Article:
In late May of 2011, I received an unusual call from Doug Wilson, the undersecretary of defense for public affairs.
He wanted to introduce me to Mark Boal, the Oscar-winning writer of the Hurt Locker. Boal, he said, was working on a new film about the manhunt that led to the death of Osama bin Laden.
And yes, I asked that.
He told me it was because I had reported on the Joint Special Operations Command, and had written about the raid for National Journal, so Wilson thought the connection would be mutually beneficial.
Wilson sent me Boal's contact info.
I met him twice, once in Washington, and once in Los Angeles, later that summer.
At no point did Wilson ask me to talk to Boal about the bin Laden raid, although I assumed that the Pentagon believed that, if I did discuss the subject, my perspective would be somewhat favorable to their point of view. It's a reasonable assumption, although, as I explained to Boal, pretty much everything I knew, with the exception of a few sensitive details, I had put in print.
(At least one detail I did report, about the presence of the RQ-170 drone above Abbottabad, earned me a rebuke from the director of national intelligence.)
I don't remember everything I discussed with Boal, but I'm pretty certain I did not reveal those details to him. (A few I remember have still not been made public.) He did not ask me to discuss any specific knowledge I had about the raid.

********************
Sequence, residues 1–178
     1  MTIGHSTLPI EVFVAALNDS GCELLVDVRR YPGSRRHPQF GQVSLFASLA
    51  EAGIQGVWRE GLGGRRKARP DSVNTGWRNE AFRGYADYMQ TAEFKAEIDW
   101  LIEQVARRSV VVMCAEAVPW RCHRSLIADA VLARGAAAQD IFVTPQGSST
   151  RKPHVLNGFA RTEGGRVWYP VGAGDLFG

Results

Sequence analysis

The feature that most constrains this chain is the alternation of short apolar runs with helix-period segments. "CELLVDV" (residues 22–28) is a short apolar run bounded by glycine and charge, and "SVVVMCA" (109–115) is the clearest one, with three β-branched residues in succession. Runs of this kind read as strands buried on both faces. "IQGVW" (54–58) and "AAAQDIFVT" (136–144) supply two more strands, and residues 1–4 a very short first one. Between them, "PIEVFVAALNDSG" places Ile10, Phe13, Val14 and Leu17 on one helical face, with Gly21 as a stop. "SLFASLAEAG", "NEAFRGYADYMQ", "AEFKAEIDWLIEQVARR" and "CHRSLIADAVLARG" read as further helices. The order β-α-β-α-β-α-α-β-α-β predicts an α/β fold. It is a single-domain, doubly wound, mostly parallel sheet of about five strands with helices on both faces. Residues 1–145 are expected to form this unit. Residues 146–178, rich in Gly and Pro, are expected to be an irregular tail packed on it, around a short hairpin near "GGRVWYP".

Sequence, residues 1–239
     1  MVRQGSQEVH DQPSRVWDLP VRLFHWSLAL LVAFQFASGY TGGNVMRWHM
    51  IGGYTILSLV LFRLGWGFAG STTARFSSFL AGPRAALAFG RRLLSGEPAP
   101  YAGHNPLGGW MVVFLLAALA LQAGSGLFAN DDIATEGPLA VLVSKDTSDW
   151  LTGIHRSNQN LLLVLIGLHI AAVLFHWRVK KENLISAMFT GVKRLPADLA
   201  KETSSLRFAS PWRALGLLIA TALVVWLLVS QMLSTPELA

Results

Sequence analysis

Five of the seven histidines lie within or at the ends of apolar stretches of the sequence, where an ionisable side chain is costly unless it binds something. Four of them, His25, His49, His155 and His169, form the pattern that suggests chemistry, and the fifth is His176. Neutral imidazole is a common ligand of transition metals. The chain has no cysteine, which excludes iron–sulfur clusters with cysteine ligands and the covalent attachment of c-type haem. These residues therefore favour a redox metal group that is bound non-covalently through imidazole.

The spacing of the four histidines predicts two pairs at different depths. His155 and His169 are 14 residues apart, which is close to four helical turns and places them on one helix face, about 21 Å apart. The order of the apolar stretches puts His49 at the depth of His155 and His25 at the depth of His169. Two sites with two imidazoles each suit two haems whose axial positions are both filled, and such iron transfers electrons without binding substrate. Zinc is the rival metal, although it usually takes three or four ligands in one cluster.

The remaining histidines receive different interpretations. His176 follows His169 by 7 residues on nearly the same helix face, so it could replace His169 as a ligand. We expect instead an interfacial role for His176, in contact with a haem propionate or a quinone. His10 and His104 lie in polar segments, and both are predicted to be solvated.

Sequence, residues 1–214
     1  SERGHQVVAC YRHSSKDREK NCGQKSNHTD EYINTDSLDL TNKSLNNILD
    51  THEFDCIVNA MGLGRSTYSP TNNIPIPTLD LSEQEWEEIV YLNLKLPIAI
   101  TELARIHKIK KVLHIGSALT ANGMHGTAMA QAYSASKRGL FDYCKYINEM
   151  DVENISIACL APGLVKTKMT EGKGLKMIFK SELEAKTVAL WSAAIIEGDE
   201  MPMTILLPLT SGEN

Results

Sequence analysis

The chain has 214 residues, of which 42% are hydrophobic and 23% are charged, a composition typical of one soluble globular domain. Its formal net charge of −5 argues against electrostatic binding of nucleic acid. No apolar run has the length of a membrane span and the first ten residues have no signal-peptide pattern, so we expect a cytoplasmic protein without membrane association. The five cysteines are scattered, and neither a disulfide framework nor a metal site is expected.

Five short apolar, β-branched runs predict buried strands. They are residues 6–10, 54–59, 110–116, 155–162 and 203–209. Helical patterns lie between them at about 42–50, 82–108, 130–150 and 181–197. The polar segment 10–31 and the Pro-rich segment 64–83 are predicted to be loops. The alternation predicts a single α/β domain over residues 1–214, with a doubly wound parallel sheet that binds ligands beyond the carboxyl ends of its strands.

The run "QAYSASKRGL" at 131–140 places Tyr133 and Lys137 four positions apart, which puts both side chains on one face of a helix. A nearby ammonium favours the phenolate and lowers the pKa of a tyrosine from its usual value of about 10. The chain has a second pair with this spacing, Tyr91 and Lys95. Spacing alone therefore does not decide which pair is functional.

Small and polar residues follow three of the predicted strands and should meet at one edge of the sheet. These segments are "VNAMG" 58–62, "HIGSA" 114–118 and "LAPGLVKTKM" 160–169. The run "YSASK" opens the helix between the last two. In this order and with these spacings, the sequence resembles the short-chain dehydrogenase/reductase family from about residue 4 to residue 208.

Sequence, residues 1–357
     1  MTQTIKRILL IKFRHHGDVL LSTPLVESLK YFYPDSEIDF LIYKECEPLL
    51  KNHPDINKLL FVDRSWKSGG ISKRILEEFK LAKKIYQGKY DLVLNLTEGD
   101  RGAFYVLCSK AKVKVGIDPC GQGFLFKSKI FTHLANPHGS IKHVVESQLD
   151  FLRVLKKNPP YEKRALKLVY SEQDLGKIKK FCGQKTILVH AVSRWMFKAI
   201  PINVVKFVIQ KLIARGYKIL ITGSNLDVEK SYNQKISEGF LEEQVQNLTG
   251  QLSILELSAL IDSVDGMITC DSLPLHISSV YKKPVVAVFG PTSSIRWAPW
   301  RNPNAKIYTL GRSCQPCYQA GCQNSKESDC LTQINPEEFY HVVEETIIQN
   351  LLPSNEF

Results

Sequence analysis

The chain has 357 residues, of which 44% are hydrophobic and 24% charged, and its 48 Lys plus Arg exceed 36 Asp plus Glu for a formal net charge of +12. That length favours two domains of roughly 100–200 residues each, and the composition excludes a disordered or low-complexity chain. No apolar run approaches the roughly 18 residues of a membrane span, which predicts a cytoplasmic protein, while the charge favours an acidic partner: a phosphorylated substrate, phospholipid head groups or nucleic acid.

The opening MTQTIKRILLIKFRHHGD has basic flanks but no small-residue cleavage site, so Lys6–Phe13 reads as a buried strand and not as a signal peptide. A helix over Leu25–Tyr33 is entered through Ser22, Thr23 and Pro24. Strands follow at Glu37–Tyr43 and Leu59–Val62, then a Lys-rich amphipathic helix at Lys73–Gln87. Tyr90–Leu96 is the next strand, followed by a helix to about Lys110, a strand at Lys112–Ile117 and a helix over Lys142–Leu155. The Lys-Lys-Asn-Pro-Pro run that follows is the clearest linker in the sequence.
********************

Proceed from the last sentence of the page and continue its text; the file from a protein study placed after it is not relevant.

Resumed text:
From what I recall, Boal and I discussed internal Pentagon and White House politics. He did not reveal to me the extent of his access at the CIA or the Pentagon.
At the time, I was a bit intimated by him. He was a reporter-turned-filmmaker, something I aspired to be, and so I didn't see our meeting as an exercise in pure journalism. After all, I had nothing to write about. Boal was under significant time constraints, having to rewrite a film that suddenly had a new ending. We spent a lot of time discussing filmmaking.
Whatever sources he did find were better than me: He did not ask me to be a consultant on the film.
The DoD report suggests that Boal was the one who asked Wilson to facilitate the introduction to me and Kim Dozier, the AP's intelligence reporter, who has magnificent access to that community. I assume that Boal had come across my articles when doing research.
Incidentally, I also asked Wilson for an interview with Mike Vickers, the undersecretary of defense in charge of special ops, for the purposes of reporting. Wilson endorsed my request, but it was turned down by Vickers' public affairs officer.